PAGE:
>Senator Charles Grassley (R-Iowa) and Senator Max Baucus (D-Montana), chairman and ranking minority member respectively of the Senate Finance Committee, said they are seeking more information about the health of defined benefit plans as reported to the PBGC in 2003 and 2004, according to a Reuters report. The PBGC insures the nation’s private-sector pension plans.
“You can’t fix a problem until you understand it,” Grassley said in the joint statement with Baucus, according to Reuters. “Unfortunately, we often don’t hear about a pension fund’s collapse until it’s too late…. Getting information about the companies with the worst problems will inform our work.”
>US House Education and Workforce Committee Chairman Representative John Boehner (R-Ohio) and the panel’s ranking Democrat, Representative George Miller ofCalifornia, made a similar request of the PBGC in April. They asked for information about pension plans that are 75% funded or less.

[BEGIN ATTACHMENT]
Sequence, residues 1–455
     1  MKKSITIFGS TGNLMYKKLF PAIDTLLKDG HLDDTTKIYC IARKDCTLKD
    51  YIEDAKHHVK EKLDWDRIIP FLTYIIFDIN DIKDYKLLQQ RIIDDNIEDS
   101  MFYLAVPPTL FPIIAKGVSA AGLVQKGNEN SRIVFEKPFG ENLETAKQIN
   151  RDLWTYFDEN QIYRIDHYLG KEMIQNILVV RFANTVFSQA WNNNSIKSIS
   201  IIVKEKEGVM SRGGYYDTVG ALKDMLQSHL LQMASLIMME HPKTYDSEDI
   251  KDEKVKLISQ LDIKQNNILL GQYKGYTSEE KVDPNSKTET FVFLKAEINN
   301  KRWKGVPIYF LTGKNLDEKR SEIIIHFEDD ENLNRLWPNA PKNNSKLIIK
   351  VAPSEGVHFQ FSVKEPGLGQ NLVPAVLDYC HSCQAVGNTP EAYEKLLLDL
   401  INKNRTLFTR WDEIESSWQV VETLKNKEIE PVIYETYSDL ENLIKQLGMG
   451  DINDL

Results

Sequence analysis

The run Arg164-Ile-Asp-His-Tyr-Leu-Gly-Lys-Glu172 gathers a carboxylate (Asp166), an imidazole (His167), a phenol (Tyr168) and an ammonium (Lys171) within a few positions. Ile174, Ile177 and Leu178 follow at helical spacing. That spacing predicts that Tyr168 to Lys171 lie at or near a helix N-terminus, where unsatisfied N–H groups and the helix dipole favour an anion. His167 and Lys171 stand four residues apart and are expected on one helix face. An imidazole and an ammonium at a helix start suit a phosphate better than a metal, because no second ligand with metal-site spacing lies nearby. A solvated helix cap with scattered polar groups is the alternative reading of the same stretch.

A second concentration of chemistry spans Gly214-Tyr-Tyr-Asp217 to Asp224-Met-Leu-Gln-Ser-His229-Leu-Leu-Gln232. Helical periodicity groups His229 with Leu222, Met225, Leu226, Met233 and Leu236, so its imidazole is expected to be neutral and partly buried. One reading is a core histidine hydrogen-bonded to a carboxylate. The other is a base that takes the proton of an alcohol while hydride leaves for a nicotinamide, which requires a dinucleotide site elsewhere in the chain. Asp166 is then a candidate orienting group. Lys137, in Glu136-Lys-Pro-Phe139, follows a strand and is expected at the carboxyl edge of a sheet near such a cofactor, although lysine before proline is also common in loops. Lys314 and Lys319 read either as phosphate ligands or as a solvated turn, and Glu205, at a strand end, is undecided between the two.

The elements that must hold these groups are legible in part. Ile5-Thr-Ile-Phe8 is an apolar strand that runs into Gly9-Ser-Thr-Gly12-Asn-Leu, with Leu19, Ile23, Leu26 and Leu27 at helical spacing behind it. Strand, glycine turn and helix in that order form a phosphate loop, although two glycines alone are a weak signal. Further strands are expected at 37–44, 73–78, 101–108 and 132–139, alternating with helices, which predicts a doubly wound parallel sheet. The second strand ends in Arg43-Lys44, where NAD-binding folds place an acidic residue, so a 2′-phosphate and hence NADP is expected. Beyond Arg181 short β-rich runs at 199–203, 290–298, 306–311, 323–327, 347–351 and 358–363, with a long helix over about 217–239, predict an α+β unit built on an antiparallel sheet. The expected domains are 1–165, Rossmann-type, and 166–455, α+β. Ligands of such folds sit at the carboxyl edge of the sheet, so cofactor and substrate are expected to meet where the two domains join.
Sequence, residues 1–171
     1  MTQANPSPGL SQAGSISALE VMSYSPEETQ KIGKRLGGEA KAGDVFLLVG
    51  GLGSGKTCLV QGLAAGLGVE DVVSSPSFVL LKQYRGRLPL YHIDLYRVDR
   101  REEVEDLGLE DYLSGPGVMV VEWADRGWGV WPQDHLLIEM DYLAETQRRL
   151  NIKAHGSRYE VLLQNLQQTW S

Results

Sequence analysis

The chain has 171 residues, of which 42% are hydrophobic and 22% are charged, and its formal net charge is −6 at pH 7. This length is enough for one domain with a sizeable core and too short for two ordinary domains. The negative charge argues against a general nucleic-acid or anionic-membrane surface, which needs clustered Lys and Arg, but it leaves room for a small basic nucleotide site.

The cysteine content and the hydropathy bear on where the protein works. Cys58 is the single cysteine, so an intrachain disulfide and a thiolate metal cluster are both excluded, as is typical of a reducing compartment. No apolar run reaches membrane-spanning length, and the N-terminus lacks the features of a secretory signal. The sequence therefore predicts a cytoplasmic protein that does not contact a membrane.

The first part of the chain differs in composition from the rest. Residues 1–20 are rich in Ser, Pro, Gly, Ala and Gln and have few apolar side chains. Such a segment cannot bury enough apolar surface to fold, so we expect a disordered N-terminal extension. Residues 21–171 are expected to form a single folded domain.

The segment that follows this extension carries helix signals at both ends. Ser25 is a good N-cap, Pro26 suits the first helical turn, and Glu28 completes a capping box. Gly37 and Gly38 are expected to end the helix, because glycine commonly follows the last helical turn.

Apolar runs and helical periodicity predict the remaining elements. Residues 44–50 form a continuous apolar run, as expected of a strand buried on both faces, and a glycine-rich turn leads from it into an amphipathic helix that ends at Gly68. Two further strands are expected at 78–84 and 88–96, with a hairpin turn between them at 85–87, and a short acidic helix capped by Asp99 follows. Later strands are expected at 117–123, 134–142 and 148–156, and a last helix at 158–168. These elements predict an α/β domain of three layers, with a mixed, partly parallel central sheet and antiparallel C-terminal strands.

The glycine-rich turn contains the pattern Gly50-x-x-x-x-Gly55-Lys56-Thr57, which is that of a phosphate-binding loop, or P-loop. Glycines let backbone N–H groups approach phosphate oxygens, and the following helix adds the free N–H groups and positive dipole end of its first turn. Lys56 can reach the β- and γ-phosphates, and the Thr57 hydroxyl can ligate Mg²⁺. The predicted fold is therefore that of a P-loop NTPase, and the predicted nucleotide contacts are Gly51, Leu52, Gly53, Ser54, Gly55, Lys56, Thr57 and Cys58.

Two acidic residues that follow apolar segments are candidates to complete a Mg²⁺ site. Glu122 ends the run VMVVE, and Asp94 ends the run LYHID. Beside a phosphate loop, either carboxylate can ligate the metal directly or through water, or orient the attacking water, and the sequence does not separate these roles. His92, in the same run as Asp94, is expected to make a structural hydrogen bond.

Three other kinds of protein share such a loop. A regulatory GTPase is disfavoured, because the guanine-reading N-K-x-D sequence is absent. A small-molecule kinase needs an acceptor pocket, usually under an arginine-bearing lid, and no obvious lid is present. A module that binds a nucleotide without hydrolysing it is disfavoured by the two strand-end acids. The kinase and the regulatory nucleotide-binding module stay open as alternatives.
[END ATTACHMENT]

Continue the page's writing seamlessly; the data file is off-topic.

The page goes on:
>Boehner introduced a pension reform plan in the House last week requiring companies to fully fund their pensions in seven years and pay higher insurance premiums to the PBGC, which has a $23.3 billion deficit (See Latest GOP Pension Reform Bill Includes Advice ).
>Miller said last week that when he reviewed the confidential data from the PBGC about underfunded pensions, it was dramatic compared to statements companies make about their pensions in annual reports to the Securities and Exchange Commission (SEC). Some companies, Miller said, were making public reports that were “billions of dollars” more optimistic about the pension funds than their confidential reports to the PBGC.
>The PBGC’s Director Bradley Belt testified last week that in 2004, there were 1,108 pension plans that were underfunded by $353.7 billion, a 27% increase over the previous year (See PBGC: Underfunding Totals Skyrocket 27% in 2004 ). The auto sector accounted for at least $55 billion of plan underfunding and airlines more than $30 billion, Belt said.